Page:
New fuel may allow Agrium plant to run at full throttle
Agrium U.S. Inc. hopes to switch its Kenai fertilizer plant’s feedstock from natural gas to coal, a move that might allow the plant to eventually return to its full production rate of 2 million tons per year of ammonia and urea fertilizer.
The plant is now producing at half capacity due to gas shortages.
If the project moves ahead it will still take several years to make the change, and operations at the plant may still have to be shut down if additional supplies of natural gas can’t be contracted, said Agrium’s Alaska manager, Bill Boycott, in a Nov. 16 briefing.
Agrium announced Nov. 16 it is considering installation of a coal gasifier at its Kenai fertilizer plant. If such a facility is built, along with a related power plant, it would approximately double the physical size of the Agrium plant in Nikiski, north of Kenai, Boycott said at the briefing.
The company’s study is independent of a U.S. Department of Energy study of coal gasification at the plant. Agrium has had a conceptual feasibility study of coal gasification underway for about six months and is encouraged by the results so far, Boycott said. It hopes to complete the study by April and then make a decision whether to proceed with the project, he said.
Boycott said the company is working with Alaska coal producer Usibelli Mine Inc., Kansas-based engineering firm Black & Veatch, and Uhde, a German engineering company.
The gasification plant could be completed by 2011. The timetable is aggressive because of deadlines in the recently enacted federal energy bill for grants and loans to aid coal gasification projects, Boycott said
Meanwhile, the DOE has contracted with Science Application International Corp. for a $490,000 study of a gasification plant located at the Agrium facility. The DOE study will proceed independently of Agrium’s effort and will also look at feasibility of using carbon dioxide that will be produced in the gasification process for enhanced oil recovery projects in nearby Cook Inlet oil fields. In such a project, the carbon dioxide would be injected into the oil wells to force more oil to the surface.
Teams working on both studies are expected to meet in early December to coordinate the work, Agrium spokeswoman Lisa Parker said.
Boycott said the conceptual feasibility study will consider a base case of 4 million tons of coal consumed yearly in two coal gasifiers, with a 350-megawatt power plant built adjacent to the gasifier complex. The gasifier and fertilizer plant would use 100 megawatts, which would leave 250 megawatts to be sold into the regional electric grid, he said.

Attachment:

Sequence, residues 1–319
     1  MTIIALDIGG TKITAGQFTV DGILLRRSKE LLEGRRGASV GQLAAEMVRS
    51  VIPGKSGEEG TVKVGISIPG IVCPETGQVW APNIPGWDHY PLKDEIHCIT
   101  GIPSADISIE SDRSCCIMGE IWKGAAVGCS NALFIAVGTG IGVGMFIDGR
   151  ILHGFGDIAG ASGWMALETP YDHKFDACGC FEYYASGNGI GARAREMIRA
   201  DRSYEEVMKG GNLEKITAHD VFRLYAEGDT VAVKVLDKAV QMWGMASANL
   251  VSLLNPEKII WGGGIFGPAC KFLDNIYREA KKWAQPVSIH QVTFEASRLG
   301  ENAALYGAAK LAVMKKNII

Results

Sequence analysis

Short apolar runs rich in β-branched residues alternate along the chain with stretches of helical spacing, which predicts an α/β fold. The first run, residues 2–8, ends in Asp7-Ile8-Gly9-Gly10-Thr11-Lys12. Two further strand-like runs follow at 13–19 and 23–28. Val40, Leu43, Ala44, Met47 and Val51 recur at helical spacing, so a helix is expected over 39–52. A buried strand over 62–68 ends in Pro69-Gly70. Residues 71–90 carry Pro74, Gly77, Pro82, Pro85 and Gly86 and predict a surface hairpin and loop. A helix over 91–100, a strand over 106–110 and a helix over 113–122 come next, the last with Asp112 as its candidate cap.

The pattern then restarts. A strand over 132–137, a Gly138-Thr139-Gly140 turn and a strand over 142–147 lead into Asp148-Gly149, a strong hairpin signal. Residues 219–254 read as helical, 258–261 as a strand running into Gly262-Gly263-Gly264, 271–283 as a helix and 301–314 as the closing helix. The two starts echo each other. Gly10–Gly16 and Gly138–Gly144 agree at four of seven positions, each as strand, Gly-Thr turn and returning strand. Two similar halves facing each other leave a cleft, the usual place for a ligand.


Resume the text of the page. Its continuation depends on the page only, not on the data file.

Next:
Steve Denton, vice president for Usibelli Mine, said his company is working with Agrium in an analysis of coal supply options. Usibelli operates a mine in Healy, in Interior Alaska, and coal could initially be transported to the Agrium plant by rail and barge from the existing mine, Denton said.
The best option, however, is for coal to be supplied from undeveloped coal deposits at Beluga, on the west side of Cook Inlet 30 miles from the Agrium plant.
Coal leases at Beluga are held by two groups, Placer Dome U.S. and the Bass-Hunt group. Plans for a coal mine at Beluga have been made and permits have been secured, but neither leaseholder has been able to secure commitments from customers to proceed with mine development.
By coincidence, the power available for sale to the grid from the project could come when the proposed Pebble copper-gold mine will be in its initial phases of startup. Pebble will require 275 megawatts of power supply. Homer Electric Association is working with Northern Dynasty, the company developing Pebble, on a plan to provide power from the Kenai Peninsula by way of a submarine cable across lower Cook Inlet.
Agrium has a troubled history with its plant at Kenai. The facility was built by Union Oil of California in 1969 as a way of commercializing large Cook Inlet gas resources, which at the time had no markets. Unocal expanded the plant in 1975 and sold it to Agrium in 2000.
In 2002 Agrium began experiencing shortfalls in gas delivered by Unocal under a long-term supply contract that was part of the sale agreement. Litigation over the long-term contract resulted and a settlement agreement ultimately resulted in Unocal paying Agrium $35 million in compensation for reduced sales because of the supply shortage.
The settlement also provided for a termination of the long-term contract on Oct. 31, 2005. Last January, Agrium announced that it would close the plant if it was unable to secure additional gas supplies at a price it could afford. The company also issued requests for proposals from Cook Inlet gas producers for supplies beyond Oct. 31.
Neither Agrium nor Unocal has disclosed the price of gas in the long-term contract, but independent sources have determined it at $1.20 per thousand cubic feet (mcf) - a figure that Agrium has not disputed. In its request for new gas supply, Agrium said it would be willing to pay up to $3 per mcf.
The company was able to secure additional commitments of gas from several local producers at an undisclosed price, but Boycott said the contracts are short-term and will expire next November. Agrium is now working on securing additional commitments for gas, but if those cannot be obtained the plant will have to be shut down while the company works on its conversion to coal as a source of feedstock, Boycott said.